Work On Your Car
Here’s the suggestion that simultaneously ranks as the most likely and least likely thing a stir-crazy auto enthusiast might do. We love tinkering with our cars, yet somehow we never quite manage to make it into the garage. Chalk it up to all the car movies, or the games, or the internet, but with a bit more time at home, this could be the perfect opportunity to attack that leaking valve cover gasket. Or hey, finally finish the LS swap you’ve been bragging about for the last two years.
Take Virtual Tours Of Car Museums
Did you know there are numerous auto museums you can “tour” online? Thanks to Google Maps you can take a virtual reality trip to museums around the world, from the Mercedes-Benz museum in Stuttgart to Mazda’s museum in Japan, and the National Corvette Museum in Kentucky USA. We already have a list of 15 such museums you can visit right now in a post from March 18.
Clean Your Car
If working on your car sounds a bit too exhausting, you can at least give it a good clean. We aren’t talking about a wash and some silicone spray – get the clay bar and orbital polisher out of the cabinet and go to town. And since we’re dealing with a pandemic, don’t forget about cleaning up the interior, too. Just go easy on the soap, and for crying out loud, stay away from the power washer. You want a clean car, not a rolling ad for laundry detergent.
Build A Model Car
Once upon a time, building plastic car models was a rite-of-passage for car-crazy kids. A few of us at Motor1.com still embrace the hobby, and there’s never been a better time to build a detailed mini-version of your dream machine. Bust open those old kits sitting in the closet and bash away, or you could order something new and have it delivered. It probably won’t be as pristine as the diecast gems from Amalgam Collection, but it will be uniquely yours.
Here are a few of our plastic model favorites:
Get Your Game On With A Sim Racing Setup
There’s never been a better time to be a gamer. In fact, modern racing games are so good, it’s a disservice to call most of them games. For under $1,000 you can have a nice PC or game console with a force-feedback steering wheel, a six-speed shifter with a clutch, and a litany of racing titles to choose from. Play it casual or get involved in legitimate (and competitive) online action – sim racing doesn’t fully replace the sounds, smells, and experience of actually being on a track, but you’ll still be grinning when you shave a tenth of a second off your lap time.
Watch Esports Racing
So, you don’t have a game console or high-performance PC and you aren’t interested in playing games. Here’s the thing – many modern games aren’t games at all. With stunning graphics, real-world tracks recreated in extraordinary detail, complex algorithms generating lifelike physics, and input devices giving drivers accurate control, the racing world of Esports is extraordinarily exciting to simply watch. Motorsport Games has partnered with Jean Eric Vergne and Veloce Esports to broadcast a series of sim races dubbed #NotTheGP, and the action is quite engaging. You can catch the streaming action on Motorsport.tv.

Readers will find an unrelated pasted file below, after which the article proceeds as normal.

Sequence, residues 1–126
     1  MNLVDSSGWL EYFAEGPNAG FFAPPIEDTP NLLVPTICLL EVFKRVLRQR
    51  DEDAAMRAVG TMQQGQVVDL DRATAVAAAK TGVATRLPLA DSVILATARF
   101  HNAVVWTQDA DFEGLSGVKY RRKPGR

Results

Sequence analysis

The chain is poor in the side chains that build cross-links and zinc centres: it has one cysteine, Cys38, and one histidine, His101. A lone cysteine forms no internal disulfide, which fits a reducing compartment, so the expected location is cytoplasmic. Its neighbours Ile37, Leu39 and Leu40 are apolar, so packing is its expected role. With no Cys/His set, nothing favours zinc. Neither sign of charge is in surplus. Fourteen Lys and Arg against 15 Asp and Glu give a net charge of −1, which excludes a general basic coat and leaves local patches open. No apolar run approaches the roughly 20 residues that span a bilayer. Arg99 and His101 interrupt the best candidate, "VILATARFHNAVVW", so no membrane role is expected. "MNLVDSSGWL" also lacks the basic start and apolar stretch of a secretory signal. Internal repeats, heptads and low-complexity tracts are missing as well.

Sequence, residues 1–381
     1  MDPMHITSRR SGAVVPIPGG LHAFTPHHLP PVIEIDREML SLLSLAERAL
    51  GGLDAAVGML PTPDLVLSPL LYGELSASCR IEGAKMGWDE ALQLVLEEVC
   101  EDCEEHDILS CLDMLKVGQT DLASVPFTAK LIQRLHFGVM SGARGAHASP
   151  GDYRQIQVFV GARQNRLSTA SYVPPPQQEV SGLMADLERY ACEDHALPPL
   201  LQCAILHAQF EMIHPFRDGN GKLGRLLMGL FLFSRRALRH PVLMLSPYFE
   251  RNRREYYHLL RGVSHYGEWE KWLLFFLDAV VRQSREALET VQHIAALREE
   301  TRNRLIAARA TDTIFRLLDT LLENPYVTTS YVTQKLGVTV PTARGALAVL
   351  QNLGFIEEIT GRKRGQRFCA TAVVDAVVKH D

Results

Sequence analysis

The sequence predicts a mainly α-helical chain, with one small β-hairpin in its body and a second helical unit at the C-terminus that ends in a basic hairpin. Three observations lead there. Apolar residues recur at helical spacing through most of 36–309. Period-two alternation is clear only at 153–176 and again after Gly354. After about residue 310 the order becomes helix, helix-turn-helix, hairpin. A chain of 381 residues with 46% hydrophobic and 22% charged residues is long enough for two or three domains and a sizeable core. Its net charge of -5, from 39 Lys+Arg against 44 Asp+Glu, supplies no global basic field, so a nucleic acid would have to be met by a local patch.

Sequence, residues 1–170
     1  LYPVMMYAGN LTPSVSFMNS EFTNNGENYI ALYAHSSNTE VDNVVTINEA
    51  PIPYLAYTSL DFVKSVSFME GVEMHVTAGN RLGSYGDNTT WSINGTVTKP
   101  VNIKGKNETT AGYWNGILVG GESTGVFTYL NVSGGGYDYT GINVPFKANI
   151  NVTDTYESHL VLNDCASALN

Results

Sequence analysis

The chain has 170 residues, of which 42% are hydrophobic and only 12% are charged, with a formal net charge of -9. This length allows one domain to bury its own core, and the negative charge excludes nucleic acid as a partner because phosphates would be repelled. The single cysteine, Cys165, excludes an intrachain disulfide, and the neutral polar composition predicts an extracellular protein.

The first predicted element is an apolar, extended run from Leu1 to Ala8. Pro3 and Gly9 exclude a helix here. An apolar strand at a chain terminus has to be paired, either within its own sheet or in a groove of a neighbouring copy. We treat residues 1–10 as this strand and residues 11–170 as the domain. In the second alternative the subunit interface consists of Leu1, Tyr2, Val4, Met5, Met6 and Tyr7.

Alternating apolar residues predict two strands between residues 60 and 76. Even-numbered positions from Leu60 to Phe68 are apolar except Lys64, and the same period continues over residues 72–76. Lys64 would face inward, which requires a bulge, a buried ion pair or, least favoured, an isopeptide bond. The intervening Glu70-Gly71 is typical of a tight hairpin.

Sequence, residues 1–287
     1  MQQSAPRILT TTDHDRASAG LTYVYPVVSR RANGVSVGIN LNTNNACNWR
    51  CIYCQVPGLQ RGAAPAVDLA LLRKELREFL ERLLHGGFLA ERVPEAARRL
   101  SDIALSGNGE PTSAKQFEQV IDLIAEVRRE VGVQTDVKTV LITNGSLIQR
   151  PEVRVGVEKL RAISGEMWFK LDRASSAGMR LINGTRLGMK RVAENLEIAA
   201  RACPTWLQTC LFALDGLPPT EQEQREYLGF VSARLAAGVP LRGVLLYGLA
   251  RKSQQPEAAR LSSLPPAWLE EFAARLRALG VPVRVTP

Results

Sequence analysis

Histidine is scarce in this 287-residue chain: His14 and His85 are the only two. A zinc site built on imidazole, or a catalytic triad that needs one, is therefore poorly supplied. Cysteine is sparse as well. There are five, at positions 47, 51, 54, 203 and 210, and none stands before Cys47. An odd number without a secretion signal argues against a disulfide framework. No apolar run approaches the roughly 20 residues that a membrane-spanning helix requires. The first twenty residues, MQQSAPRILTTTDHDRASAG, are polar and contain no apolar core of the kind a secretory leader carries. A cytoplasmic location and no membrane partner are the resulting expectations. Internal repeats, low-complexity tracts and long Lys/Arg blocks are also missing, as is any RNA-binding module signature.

Watch Car Movies
No doubt you’ve already considered this option to pass the time. But have you really considered just how many car movies are out there? You could get up-to-speed with recent flics like Ford V Ferrari, Baby Driver, or spend days simply binge-watching the Fast and Furious saga.
But what about classics like Smokey and the Bandit, The Cannonball Run, Mad Max, or American Graffiti? If you’ve already been there and done that, don’t overlook lesser-known (and perhaps campy) gems like The Wraith or Need for Speed. We have lists for the best and worst car movies, so if you think you’ve seen them all, we bet a million bucks there’s something you’re missing.
Read A Book
Sure, you could watch The Cannonball Run, or you could read about the five actual Cannonball Sea-To-Shining-Sea Memorial Trophy Dash events in the 1970s that inspired the movie. Cannonball: World's Greatest Outlaw Road Race by legendary auto journalist Brock Yates is but one of many auto-based literary titles to choose from, outside of stellar Motor1.com content of course. Here are a few more suggestions:
Create Automotive Art
Automotive art takes many forms. Admittedly, your author absolutely adores his vintage early ‘80s Little Van Goes etching kit. Maybe try your hand at drawing cars, or painting auto scenes on canvas. Open up Photoshop and digitally enhance pictures you’ve taken at car shows. Or perhaps you pull all those used brake rotors out of the shed and weld them together to create some weird alien statue. Point being, art is abstract, so give your mind some creative liberty. You might be surprised by just how satisfying it is.
Build A Lego Car (Or Truck)
Just like plastic models, Lego is a creative exercise born in the adolescent mind that endures brightly through adulthood. So go ahead, click those bricks together. Don’t let that Technic kit sit in a dark closet, or better yet, get a bunch of kits, mix the bricks, and create something entirely new. Who knows, you might end up with a lifesize Chevy pickup when all is said and done.
Check out these Lego favorites from the Motor1.com team:
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